Here are my Top 25 PPR RBs, with my full rankings available at Rotoballer.com

  1. Christian McCaffrey
  2. Saquon Barkley
  3. Alvin Kamara
  4. James Conner
  5. Le’Veon Bell
  6. David Johnson
  7. Joe Mixon
  8. Ezekiel Elliott
  9. Damien Williams
  10. Nick Chubb
  11. Dalvin Cook
  12. Kerry Johnson
  13. Melvin Gordon
  14. Todd Gurley
  15. Josh Jacobs
  16. Aaron Jones
  17. Leonard Fournette
  18. Mark Ingram
  19. Sony Michel
  20. Derrick Henry
  21. James White
  22. Chris Carson
  23. Marlon Mack
  24. Devonta Freeman
  25. Phillip Lindsay

Seahawks Fantasy Mailbag

Want to be part of our new Mailbag feature where I answer your Fantasy Football questions every week right here?Simply fill out this form with your question about any players, situations or formats. I will answer questions about players from any teams in seasonal, keeper and dynasty leagues._

James Yi in West Seattle Asks: Seeing how much success Tyler Lockett had working with Doug Baldwin last year, can we assume whoever takes over the No. 2 WR job will get a lot of points, if the top corners will be on Lockett now?

Engel: Lockett had 10 TD receptions last season but could be even more consistent this year as he racks up more receptions and yardage than ever before. Yes, that should help free up some of the other top WRs for the Seahawks to make Fantasy contributions. Do note that not every defense will play man coverage, though, and sometimes the Seattle WRs other than Lockett will still face some formidable secondary opponents. Still, there is sleeper potential for Jaron Brown and David Moore. Brown should be targeted more often this year, as we saw in Seattle’s second preseason game. Moore showed us glimpses of his big play potential last season. Both should be on your Watch List. Of course, DK Metcalf will make some exciting plays as well, and he could be good as an eventual WR4 Fantasy type as a rookie.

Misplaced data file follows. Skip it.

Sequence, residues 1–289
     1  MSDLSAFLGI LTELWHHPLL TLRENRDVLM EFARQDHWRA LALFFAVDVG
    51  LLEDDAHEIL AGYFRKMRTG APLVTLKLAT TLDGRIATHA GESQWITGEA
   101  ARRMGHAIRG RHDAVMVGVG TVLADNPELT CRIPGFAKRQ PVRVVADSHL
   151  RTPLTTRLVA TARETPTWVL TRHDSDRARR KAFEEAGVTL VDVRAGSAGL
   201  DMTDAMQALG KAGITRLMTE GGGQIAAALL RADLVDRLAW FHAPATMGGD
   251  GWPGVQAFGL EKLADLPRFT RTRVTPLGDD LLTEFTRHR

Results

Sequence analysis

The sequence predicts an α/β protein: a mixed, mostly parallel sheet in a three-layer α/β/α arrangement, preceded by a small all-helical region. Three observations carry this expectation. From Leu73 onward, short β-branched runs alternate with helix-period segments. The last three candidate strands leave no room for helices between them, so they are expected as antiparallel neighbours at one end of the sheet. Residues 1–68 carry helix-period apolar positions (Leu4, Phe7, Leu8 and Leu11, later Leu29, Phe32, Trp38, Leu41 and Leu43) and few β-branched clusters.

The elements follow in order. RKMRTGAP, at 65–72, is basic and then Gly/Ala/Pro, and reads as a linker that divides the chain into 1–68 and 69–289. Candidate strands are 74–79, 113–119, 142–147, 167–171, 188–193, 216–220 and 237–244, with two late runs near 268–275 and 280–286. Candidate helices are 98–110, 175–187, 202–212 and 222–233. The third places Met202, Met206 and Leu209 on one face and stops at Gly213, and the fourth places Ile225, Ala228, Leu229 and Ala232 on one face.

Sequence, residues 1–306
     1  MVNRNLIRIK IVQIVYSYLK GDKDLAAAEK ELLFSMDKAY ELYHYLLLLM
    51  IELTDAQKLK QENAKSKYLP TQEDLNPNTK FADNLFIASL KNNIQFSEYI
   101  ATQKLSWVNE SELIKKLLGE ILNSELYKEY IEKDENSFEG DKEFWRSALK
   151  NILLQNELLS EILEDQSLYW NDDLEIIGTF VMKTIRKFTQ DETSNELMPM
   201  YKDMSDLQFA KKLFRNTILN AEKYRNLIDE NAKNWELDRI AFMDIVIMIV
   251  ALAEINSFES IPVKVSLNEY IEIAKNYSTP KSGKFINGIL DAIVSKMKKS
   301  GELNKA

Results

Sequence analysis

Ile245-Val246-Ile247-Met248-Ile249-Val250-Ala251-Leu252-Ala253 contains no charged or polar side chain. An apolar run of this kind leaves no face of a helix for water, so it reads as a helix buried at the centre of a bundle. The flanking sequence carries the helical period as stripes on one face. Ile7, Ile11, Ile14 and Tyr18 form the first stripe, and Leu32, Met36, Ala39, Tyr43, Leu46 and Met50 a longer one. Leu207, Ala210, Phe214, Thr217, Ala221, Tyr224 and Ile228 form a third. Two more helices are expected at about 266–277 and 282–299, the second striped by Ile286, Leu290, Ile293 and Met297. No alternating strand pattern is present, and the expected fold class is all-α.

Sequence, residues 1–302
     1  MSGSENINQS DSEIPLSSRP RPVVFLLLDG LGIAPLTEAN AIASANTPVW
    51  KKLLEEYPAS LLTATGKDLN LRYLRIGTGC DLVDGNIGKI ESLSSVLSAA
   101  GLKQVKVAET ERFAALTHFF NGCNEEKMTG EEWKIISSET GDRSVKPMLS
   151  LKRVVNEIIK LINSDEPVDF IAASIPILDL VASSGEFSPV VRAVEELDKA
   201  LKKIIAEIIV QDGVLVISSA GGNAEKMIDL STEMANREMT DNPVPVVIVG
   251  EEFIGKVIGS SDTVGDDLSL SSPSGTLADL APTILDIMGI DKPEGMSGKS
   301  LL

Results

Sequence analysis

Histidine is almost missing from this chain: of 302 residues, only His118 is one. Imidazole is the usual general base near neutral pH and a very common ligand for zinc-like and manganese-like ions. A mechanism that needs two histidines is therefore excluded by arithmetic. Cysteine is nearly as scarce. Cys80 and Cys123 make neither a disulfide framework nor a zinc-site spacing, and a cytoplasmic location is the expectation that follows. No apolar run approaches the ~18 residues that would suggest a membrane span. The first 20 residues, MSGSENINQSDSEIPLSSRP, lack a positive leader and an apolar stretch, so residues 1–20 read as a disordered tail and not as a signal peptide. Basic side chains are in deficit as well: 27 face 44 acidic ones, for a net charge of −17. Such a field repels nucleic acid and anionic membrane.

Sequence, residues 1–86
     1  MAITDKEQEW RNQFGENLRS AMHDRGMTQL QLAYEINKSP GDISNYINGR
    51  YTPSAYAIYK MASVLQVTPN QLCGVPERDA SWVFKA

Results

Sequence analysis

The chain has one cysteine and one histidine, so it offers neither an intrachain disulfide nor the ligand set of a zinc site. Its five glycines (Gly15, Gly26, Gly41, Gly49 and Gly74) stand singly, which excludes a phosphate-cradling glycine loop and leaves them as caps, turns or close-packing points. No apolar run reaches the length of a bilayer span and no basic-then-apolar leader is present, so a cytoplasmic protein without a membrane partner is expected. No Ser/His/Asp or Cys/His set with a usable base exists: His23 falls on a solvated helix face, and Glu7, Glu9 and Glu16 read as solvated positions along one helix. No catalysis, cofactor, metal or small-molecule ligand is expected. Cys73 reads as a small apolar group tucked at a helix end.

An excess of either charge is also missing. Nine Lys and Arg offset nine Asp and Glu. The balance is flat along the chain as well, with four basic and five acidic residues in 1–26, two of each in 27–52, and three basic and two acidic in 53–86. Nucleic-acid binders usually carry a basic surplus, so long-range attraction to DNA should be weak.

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For more from Scott Engel, get the RotoBaller.com 2019 Fantasy Football Draft Kit, which includes his rankings and regular weekly columns. Enter code “Seahawks” at checkout for a discount.